Baz Luhrmann delivers a cinematically dazzling, if inaccurate, portrayal of the King of Rock and Roll.

As you might have guessed by the title, Elvis is a dramatized musical biopic about the “King of Rock and Roll” himself, Elvis Presley. Directed by Baz Luhrmann (The Great Gatsby, Moulin Rouge!), who also co-writes with Sam Bromell, Craig Pearce and Jeremy Doner, it tells the story of Elvis Presley (Austin Butler) from his childhood to his death with a strong focus on his complicated relationship with his manager Colonel Tom Parker (Tom Hanks).

Told with the musical flair you’d expect from Luhrmann, Elvis is an engaging and interesting story that’s only tarnished when you learn after seeing the film that a number of the key and pivotal plot points never happened in real life. In many ways, this feels like 2018’s Bohemian Rhapsody all over again.

Elvis Presley was already making a mark for himself on the radio as a white singer performing with an African American sound when Colonel Tom Parker goes to a show and witnesses the young singer’s iconic and provocative dance moves that set the women in the crowd into a frenzy. He knows he’s discovered something unique and makes a deal with Elvis to become the hearthrob’s manager. It’s not long before his singing talent and controversial moves garner him the nickname by the media “Elvis the Pelvis”, turning him into a superstar and provide the once poor Presley family with riches beyond their wildest dreams.

But like many successful entertainers who find themselves in the unique position of being famous, rich, superstars, the cliched problems of alcohol, drug use, infidelity, and shady management all start to take their toll on Elvis’ career and wellbeing. With Colonel Tom Parker steering Presley’s career in a direction more beneficial to Parker than his client, the career that should have been an opportunity to see the world as Elvis had wanted, eventually becomes a toxic prison with no way out.

Unfortunately, some artistic license has been taken with the telling of Elvis’ story so viewers should not take this film as an accurate portrayal of the facts. I won’t spoil the film for those who aren’t readily familiar with the rise and fall of Presley, though a quick Google search reveals a number of the pivotal – and seemingly important – plot points in the film did not actually happen and were either added or altered by the filmmakers.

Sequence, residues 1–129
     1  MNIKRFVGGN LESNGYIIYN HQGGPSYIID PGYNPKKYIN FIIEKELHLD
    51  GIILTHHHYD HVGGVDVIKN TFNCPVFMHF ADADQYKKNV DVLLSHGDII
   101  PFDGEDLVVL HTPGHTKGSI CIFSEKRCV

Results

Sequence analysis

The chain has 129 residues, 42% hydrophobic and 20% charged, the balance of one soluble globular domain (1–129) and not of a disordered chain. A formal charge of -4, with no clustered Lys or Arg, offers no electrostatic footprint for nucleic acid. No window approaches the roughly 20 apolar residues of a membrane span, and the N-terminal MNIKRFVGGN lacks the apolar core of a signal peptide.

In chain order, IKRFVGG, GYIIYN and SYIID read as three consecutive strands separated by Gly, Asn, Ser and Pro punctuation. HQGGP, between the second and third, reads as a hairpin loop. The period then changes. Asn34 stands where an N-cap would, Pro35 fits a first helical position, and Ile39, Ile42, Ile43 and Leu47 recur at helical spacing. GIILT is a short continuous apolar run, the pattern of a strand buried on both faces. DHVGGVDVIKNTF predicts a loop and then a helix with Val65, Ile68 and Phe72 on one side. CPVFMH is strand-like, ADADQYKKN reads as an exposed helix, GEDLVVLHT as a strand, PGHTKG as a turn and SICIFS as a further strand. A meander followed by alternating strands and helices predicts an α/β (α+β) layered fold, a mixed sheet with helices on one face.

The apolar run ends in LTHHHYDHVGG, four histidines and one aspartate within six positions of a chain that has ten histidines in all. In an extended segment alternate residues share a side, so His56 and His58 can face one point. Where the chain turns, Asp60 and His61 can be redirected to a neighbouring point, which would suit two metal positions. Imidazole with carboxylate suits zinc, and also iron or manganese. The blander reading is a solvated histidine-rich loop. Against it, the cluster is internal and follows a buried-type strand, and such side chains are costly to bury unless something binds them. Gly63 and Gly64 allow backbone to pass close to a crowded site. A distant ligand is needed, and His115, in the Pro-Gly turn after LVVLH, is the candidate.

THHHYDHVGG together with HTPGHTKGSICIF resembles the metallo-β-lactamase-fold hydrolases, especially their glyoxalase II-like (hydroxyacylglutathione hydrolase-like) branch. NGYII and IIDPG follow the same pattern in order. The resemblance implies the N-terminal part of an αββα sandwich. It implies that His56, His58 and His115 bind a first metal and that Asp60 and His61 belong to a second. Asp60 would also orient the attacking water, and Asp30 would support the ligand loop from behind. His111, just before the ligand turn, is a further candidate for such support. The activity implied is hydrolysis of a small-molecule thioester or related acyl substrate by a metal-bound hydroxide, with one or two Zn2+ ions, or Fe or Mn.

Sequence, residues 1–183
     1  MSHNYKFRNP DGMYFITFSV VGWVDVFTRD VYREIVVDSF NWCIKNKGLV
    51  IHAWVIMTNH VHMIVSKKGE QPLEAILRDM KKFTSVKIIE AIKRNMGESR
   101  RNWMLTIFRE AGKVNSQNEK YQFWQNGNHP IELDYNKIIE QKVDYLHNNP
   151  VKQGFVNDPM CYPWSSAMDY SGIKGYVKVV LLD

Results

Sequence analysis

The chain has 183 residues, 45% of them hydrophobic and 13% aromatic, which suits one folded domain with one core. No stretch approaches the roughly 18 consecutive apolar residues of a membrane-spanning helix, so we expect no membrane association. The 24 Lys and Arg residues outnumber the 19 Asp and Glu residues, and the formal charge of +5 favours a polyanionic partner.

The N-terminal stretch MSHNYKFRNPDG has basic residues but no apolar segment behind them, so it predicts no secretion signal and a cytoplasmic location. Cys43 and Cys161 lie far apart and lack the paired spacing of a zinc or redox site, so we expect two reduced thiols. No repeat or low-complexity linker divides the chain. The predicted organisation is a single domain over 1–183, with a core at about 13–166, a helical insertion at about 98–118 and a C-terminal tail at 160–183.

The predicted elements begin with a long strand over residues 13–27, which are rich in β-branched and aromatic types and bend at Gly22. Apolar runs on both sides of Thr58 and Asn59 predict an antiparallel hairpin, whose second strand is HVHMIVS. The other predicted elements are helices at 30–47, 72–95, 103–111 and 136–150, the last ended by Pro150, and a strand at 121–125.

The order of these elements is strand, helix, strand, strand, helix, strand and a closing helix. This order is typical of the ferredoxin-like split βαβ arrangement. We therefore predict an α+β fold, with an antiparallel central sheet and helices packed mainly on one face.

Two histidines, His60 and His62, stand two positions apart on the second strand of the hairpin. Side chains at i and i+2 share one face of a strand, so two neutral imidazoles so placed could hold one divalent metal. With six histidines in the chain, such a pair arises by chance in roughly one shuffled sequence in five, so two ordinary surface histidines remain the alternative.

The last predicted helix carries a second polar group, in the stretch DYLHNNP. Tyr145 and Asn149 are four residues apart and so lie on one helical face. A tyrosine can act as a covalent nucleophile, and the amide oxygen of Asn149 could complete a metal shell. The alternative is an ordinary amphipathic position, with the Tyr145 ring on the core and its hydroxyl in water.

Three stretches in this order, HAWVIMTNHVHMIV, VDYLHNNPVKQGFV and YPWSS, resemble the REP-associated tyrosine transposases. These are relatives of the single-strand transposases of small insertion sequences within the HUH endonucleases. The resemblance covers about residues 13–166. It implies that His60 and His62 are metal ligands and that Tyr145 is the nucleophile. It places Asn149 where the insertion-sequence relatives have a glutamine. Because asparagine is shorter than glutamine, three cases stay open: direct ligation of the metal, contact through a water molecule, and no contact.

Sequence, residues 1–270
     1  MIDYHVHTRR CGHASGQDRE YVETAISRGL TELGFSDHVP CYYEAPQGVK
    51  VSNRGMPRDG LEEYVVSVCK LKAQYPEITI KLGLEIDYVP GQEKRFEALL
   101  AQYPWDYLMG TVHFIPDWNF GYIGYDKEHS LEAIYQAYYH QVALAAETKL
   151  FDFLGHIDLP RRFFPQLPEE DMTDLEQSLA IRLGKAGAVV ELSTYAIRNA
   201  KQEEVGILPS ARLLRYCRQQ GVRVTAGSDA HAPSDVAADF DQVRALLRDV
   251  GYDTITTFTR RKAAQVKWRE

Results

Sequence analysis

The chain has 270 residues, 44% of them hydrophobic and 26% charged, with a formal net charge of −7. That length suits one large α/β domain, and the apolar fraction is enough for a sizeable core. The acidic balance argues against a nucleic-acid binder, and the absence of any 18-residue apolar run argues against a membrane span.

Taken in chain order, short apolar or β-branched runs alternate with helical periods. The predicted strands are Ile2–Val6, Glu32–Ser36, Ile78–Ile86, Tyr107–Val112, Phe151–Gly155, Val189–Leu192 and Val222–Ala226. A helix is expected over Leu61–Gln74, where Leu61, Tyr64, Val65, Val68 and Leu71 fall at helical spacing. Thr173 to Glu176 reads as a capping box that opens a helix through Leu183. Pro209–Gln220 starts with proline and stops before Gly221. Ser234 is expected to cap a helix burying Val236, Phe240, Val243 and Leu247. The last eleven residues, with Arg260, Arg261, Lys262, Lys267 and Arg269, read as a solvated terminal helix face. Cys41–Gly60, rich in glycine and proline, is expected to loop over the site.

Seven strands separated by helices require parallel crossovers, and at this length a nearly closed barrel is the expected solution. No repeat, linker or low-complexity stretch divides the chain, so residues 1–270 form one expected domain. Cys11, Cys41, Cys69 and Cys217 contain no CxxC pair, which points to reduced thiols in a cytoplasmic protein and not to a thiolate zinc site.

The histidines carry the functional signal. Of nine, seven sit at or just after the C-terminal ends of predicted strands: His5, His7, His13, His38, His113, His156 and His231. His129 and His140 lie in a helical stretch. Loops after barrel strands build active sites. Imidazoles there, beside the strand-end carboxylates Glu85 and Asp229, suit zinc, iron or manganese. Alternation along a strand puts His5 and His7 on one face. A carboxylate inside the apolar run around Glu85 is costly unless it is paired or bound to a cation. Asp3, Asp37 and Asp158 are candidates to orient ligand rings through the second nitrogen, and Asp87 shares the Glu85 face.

This is a real pity because there are some great and shocking moments in the film that really portray society and Elvis in a certain light. But then when you find out it’s not true, well you realize you didn’t really watch anything of real historic substance or learn about the true Elvis. It’s just fiction.

Despite my disappointment upon learning of the film’s inaccuracies, what is far from disappointing is Austin Butler’s Oscar-worthy performance. He is simply amazing. Butler has done some serious homework for this role and has absolutely perfected the King of Rock and Roll’s dance gyrations, mannerisms and speech. It’s incredible to watch. Coupled with a picture-perfect wardrobe and it’s like watching Elvis be reborn. I’d be shocked if he didn’t win any awards for this role.

Tom Hanks also gives a great performance as Colonel Tom Parker. Unrecognizable under all the prosthetics, Hanks masterfully portrays the sly, self-serving, carni businessman whose only drive is to make money – at any cost. Despite the nefarious agenda of his character, he’s also a father figure to the King and Hanks is able to wear both hats with ease.

Baz Luhrmann has delivered a story about Elvis Presley in the flamboyant, eye-catching style that he’s known for. With exceptional editing, fantastic costumes, and a brilliant performance from Butler this is an easy film to be swept up and engrossed with the spectacle on screen – especially with all the music and dancing.

Also letting this film down strangely enough are some of the music choices, which you wouldn’t think would be an issue given this is Elvis we’re talking about. There are a few instances where modern, urban style music has been chosen by the filmmaker and the tonal shift is very noticeable and detrimental to the viewing experience. One second you feel like you’re in another time period and suddenly you’re right back in 2022. It does not gel.

Additionally, there’s a big part of Presley’s life that is totally glossed over – his time in the military. We know he gets drafted and meets Priscilla while in Germany. But beyond that, nothing else is covered. It would have been interesting to learn how he coped from being a megastar singer to being a regular soldier serving in the US Army.

I’d be lying if I said, as artist entertainment goes, Elvis wasn’t a great film. Apart from some odd soundtrack choices and some missed moments of Elvis Presley’s life, Baz Luhrmann has crafted a cinematic spectacle I thoroughly enjoyed watching at the cinema and Austin Butler delivers a phenomenal performance as the King of Rock and Roll. That said, I did feel a little cheated learning that so much of the story presented here was embellished or simply created for the film. You wouldn’t think the real Elvis would need any embellishment.

  • MPAA Rating: PG-13
  • Release Date: June 24, 2022
  • Distributor: Warner Bros.

Originally published on July 03, 2022 at